Our Seeds of Knowledge Series hopes to amplify the voice of creators in children’s publishing and also, offer guidance to aspiring writers and illustrators. This kind of diverse community knowledge is what I wish had existed, when I was starting out with Saffron Press.
Here at the Pod, we advocate passionately for accurate diverse representation. Some wonderful creators have generously accepted an invitation to share knowledge. We will learn about their work and the work of representing the Sikh identity in their children’s books.
I would like to welcome picture book illustrator, Alea Marley.
Alea Marley loves creating whimsical scenes that are filled with plant life, texture, and bursts of colour! Her favourite mediums to work with are digital brushes, chunky pencils and watercolour crayons. Born in the UK with Barbadian roots, she is currently based by the sea side in England illustrating picture books.
NAVJOT: Welcome Alea! Could you share your story – when and how did you enter the world of children’s illustration?
ALEA: I went to the Arts University Bournemouth to do a BA Illustration degree. I wasn’t sure exactly what direction I wanted to take however I knew I wanted it to be illustration based. During the end of second year I discovered a love for children’s illustration, so I did a lot of research on how to get into the industry, spent the summer teaching myself photoshop, drawing every single day, and posting online. Then just before I was about to begin my final year an agent from Bright discovered my work and asked me to join the agency. I’ve happily been with them ever since!
NAVJOT: The Black Lives Matter (BLM) movement has created a groundswell around the world. The 2017 CLPE report uncovered only 1% of main characters featured in British children’s books represented characters who present as Black or minority ethnic (BAME). Do you feel like the global awareness around BLM will change the children’s book publishing industry in the U.K. in any way?
ALEA: I hope that diverse characters in children’s books becomes the new normal. Growing up I never saw any characters that looked like me in any way, so I’m very thankful that I get to be a part of showing that representation with my artwork now. Every child deserves to see someone who looks like themselves growing up.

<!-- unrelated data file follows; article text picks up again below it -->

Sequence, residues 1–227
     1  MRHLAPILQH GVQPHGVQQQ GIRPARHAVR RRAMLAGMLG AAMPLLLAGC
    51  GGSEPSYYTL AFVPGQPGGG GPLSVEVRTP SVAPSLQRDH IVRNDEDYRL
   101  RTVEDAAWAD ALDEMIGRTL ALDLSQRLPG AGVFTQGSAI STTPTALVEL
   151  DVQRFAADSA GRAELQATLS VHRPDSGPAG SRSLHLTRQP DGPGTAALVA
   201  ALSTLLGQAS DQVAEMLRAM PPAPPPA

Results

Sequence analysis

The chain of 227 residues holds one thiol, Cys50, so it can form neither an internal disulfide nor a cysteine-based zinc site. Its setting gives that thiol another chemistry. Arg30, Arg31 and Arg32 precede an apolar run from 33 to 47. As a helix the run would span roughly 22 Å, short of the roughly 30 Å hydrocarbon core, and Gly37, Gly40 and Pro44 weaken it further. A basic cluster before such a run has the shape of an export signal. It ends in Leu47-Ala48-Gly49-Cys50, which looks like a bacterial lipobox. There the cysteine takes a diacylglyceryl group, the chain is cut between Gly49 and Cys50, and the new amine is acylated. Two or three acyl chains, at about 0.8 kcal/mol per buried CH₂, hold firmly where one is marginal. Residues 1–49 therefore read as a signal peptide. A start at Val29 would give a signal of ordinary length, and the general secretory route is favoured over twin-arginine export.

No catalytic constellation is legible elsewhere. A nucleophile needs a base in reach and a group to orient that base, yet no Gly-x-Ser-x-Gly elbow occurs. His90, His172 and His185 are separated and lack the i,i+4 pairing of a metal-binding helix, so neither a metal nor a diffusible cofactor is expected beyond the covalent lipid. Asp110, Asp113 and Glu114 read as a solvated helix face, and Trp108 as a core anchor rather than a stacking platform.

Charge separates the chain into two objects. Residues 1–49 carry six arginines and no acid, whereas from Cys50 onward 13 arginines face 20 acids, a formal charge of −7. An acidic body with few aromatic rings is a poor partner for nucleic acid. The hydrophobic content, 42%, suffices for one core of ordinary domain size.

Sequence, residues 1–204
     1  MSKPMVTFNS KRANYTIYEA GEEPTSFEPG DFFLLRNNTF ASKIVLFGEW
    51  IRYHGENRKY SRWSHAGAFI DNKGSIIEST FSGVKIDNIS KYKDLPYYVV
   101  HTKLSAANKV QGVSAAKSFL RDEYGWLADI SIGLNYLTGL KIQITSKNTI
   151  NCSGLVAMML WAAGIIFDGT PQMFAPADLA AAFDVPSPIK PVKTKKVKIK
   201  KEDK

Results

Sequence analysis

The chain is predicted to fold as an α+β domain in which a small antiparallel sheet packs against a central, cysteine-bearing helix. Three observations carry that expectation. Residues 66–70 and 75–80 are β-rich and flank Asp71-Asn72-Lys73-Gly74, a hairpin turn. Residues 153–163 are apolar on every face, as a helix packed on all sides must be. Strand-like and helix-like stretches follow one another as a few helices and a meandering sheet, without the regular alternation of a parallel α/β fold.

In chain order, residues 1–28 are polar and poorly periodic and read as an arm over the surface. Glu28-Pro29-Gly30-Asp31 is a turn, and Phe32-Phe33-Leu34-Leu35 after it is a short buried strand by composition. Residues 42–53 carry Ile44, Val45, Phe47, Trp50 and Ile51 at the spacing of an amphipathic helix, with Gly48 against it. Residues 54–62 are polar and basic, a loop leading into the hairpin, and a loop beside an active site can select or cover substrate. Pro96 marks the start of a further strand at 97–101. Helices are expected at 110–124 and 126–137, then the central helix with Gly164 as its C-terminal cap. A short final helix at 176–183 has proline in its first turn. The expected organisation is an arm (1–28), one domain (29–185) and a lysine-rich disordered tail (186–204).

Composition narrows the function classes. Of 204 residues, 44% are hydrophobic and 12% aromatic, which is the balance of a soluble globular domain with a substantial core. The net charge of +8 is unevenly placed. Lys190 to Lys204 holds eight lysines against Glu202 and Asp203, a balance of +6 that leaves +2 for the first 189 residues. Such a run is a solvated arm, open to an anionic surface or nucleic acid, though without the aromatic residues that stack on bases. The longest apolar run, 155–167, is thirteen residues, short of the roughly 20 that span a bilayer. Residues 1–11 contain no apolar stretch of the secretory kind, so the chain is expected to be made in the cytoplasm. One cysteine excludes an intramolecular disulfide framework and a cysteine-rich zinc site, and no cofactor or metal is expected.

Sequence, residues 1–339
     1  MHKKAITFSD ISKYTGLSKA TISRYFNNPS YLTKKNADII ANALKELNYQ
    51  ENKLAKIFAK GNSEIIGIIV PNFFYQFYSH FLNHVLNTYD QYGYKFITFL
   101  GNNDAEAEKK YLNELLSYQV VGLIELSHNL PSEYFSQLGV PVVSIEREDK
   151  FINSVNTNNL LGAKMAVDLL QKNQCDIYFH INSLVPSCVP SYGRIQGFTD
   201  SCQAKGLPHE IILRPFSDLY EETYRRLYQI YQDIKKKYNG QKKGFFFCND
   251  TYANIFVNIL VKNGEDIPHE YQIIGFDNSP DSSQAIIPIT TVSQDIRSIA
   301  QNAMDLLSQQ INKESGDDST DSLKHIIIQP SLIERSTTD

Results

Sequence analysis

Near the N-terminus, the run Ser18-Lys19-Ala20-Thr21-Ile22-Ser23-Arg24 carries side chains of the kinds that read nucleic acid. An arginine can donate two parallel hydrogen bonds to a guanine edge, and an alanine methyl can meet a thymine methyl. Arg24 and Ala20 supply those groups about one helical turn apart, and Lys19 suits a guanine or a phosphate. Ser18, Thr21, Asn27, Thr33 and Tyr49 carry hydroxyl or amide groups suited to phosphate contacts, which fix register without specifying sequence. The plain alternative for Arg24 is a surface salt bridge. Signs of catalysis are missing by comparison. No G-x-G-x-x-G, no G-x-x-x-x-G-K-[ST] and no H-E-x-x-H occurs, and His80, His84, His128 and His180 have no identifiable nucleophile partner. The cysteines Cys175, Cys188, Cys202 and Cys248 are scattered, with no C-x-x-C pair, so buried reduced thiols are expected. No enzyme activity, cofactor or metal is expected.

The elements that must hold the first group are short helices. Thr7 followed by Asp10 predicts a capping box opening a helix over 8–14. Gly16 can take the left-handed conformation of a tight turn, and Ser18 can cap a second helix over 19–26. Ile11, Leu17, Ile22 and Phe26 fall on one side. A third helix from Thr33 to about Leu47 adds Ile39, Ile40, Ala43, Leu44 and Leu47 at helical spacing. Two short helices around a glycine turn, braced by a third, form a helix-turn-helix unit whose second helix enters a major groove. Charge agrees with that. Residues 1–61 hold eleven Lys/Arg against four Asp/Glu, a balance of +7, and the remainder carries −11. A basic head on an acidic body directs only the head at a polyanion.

NAVJOT: Many readers may be surprised to learn just how long it takes to illustrate a children’s picture book. Could you describe the process for The Many Colors of Harpreet Singh?
ALEA: Yes it’s quite a long process. I believe I started sketches in April 2018 and submitted final artwork in February 2019. When I first got sent the manuscript I fell in love with Supriya’s words straight away, so the imagery came to me with ease. You begin by sketching out each spread for the book and any other little ideas you have. From then on there’s lots of back and forth with the editors/art directors refining things, until the sketches are accepted and you can begin final art. After you submit the final art there are usually little tweaks you have to make here and there, so editing takes up a big portion of the time!
NAVJOT: Given the growing awareness around diverse representation in children’s books, how did you work through the character study of Harpreet, especially his patka?
ALEA: Drawing sweet little Harpreet was quite easy, my concern was getting the positioning of the patka correct as I wanted to make sure it was as accurate as possible. I used references from books to help me draw it in the right position, however when I felt something didn’t look right the team at Sterling would always give me good direction and eventually I began drawing it with ease.
NAVJOT: Is there a story that has not yet been written that you would love to illustrate? (Who, what would it be about?)
ALEA: I’d love to illustrate a fantastical island adventure filled with lush landscapes, animals wearing cute clothes and strange creature encounters!
NAVJOT: If you could mentor an aspiring illustrator of children’s books, what is the most useful advice you would share?
ALEA: Practice drawing often, take your weekends off, and draw what you love not what you think other people will.
Thank you for sharing your thoughts and process with us, Alea!
Our (in)visible faith identity may be viewed as an equalizer for some – a way for all of us to be defined in the same category – but as members of the broader Sikh community, we are aware that our cultural nuances differ widely. Once we build safe spaces where our stories can exist, without distortion or stereotypical portrayals, our little ones will learn to tell their own stories, without prejudice. Our stories will grow and these collections will include diverse perspectives and intersectional lived experiences. This is what I imagine for our future citizens of change – their dreams of hope soaring – seeing themselves in the world of books as protagonists and knowing that they too, belong.
Thank you for joining us at the Pod!
All images have been used with permission from Alea Marley.